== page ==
Consider also Cavazos, slip op. at 7, where the Court expressly admits that "[d]oubts about whether Smith is in fact guilty are understandable." Honestly, I've read a lot of AEDPA decisions where the state prevails in the Supreme Court. But I don't recall a single majority opinion making this kind of gesture toward costs of AEDPA. See also slip op at 8 (an unusual gesture to the clemency process). (Compare with, e.g. Renico v. Lett (2010), which is cited frequently in this opinion, but makes no reservations about an innocent person being wrongly jailed; see also Renico (Stevens, J. dissenting) (protesting that an innocent person was in jail due to the extra-deferential AEDPA interpreatation)).
Another thing worth noting, not sure if others have commented (haven't read much commentary), is Kagan's absence from the dissent. An optimistic view would be that, perhaps, knowing the fate of the disposition, Kagan joined the PC opinion, perhaps even wrote it, so as to make this acknowledgment of the bitter costs of AEDPA. The cynical view, of course, is that Kagan is simply not Justice Stevens when it comes to AEDPA, etc.
I should also note that, putting all biases aside, I think any rational reader of the Cavazos majority and dissent can only conclude that Smith is probably wrongly imprisoned. I think this is largely due to the fact that Ginsburg marshalls a lot of facts, which the majority expressly refuses to do. The majority opinion's unusual equivolence toward a possibility of actual innocence, discussed earlier, is also a sure factor.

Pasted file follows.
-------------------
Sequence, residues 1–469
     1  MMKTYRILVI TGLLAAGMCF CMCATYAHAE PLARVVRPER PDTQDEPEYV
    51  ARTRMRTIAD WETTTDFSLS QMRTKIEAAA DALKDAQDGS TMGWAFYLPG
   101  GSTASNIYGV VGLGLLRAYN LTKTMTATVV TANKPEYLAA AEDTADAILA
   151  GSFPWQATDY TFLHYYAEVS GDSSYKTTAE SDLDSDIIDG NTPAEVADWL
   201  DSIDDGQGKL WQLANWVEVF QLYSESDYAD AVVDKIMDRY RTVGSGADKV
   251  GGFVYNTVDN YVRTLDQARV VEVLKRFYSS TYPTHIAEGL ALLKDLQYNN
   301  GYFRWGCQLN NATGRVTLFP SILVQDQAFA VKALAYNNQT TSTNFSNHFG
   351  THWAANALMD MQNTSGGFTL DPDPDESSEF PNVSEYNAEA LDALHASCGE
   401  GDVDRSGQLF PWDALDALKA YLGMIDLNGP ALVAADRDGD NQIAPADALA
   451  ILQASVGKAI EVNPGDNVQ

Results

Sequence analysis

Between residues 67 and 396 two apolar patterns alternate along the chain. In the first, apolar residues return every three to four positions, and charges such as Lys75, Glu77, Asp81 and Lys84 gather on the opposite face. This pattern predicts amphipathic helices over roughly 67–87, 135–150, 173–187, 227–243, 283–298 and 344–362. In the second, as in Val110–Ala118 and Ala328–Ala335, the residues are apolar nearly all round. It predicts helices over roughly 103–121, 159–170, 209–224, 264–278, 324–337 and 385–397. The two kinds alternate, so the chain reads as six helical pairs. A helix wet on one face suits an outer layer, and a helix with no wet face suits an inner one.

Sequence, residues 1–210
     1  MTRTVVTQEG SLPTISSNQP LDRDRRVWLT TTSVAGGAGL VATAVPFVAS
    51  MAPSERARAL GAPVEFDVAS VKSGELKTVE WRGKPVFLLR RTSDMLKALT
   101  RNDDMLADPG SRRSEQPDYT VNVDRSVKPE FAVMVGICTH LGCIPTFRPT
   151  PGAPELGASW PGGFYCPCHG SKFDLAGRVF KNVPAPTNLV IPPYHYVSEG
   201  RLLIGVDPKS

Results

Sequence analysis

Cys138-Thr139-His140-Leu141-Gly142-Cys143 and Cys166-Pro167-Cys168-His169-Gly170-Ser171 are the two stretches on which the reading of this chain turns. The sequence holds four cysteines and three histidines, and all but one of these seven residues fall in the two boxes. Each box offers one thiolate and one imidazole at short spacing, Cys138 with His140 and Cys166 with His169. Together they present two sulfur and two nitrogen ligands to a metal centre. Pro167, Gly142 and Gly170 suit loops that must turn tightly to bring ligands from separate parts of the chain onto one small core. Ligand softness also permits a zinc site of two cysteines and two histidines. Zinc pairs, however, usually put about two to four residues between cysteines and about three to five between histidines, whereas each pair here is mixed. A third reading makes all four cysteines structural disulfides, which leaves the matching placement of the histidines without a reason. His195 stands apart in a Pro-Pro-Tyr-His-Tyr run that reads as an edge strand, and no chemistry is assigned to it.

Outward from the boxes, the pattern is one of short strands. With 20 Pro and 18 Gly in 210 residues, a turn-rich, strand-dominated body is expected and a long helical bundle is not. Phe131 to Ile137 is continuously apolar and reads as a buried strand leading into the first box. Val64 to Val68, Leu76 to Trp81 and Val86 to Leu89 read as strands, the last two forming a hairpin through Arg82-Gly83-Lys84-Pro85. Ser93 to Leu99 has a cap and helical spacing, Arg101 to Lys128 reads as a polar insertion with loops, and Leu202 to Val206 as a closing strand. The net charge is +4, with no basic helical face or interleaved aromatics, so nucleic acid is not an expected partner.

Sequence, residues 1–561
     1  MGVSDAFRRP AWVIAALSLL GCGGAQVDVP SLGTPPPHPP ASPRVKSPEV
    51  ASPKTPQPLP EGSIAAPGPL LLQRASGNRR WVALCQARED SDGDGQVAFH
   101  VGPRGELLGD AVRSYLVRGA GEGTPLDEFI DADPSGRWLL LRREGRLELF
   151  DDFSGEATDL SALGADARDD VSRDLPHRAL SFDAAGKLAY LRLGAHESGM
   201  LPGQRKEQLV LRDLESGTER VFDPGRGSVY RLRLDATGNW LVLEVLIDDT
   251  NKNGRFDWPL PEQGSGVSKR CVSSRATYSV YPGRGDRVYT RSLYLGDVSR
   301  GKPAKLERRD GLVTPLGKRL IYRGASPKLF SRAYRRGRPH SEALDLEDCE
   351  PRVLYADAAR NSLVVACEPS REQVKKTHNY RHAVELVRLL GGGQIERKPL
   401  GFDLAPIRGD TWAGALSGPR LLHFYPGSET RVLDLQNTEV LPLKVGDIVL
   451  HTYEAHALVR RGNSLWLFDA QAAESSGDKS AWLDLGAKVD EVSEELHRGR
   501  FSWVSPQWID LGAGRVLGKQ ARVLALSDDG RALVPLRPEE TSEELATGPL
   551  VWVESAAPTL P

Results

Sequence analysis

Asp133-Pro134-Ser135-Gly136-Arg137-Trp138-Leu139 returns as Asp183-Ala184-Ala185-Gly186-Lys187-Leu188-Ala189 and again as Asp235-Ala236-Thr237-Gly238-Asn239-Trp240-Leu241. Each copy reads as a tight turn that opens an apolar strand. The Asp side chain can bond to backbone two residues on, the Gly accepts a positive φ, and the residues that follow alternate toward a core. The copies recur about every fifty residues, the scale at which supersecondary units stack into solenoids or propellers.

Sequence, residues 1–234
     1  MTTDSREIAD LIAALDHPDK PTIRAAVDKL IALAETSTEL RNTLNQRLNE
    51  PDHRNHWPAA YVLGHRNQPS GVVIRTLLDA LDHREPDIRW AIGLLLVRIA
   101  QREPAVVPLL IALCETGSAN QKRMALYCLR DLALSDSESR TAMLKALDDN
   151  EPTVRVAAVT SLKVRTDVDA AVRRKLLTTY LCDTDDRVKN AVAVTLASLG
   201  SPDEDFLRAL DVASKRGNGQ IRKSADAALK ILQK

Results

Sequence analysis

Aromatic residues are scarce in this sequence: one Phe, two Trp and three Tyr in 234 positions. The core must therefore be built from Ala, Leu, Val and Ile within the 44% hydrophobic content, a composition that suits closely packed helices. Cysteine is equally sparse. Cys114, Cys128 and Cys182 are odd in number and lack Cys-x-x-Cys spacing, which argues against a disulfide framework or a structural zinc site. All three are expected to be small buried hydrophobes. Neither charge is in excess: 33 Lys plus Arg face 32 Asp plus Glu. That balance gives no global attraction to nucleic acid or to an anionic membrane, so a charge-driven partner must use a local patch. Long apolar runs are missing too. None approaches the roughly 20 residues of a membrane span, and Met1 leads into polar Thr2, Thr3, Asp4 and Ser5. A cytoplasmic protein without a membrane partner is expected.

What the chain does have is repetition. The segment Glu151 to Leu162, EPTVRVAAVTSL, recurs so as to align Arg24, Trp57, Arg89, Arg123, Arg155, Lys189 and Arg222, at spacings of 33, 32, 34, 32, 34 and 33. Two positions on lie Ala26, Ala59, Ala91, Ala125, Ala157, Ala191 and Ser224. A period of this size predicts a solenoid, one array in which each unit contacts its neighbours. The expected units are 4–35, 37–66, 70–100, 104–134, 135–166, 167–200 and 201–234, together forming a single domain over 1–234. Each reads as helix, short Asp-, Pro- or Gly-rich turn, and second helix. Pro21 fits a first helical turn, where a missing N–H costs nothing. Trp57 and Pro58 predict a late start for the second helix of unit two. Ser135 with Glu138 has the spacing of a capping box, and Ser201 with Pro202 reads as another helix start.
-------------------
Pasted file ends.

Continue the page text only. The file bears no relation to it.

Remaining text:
[Finally] Dissenting opinion's hint at IAC-type issues. It's really a phenomenal tangent, as it is totally irrelevant from the issue at hand. (See Ginsburg, J., dissenting op. at 8) Again, making this opinion quite unique: I've never encountered SCOTUS citing an attorney by name, and noting their bar discipline (maybe I havne't read some of the seminal IAC cases very closely) -- but this is anomolous, especially since Cavazos is not an even an IAC case. Coupling this problem with the evolving science on shaking baby syndrome, it seems to me, would make for an interesting argument in a "second or successive" petition which is justified due to actual innocence.
Thanks, Alex. UPDATE: Alex's section was edited for clarity. Alex also points out that petitioner Smith has already been released from prison, which could explain the majority's "equivolence" towards her plight.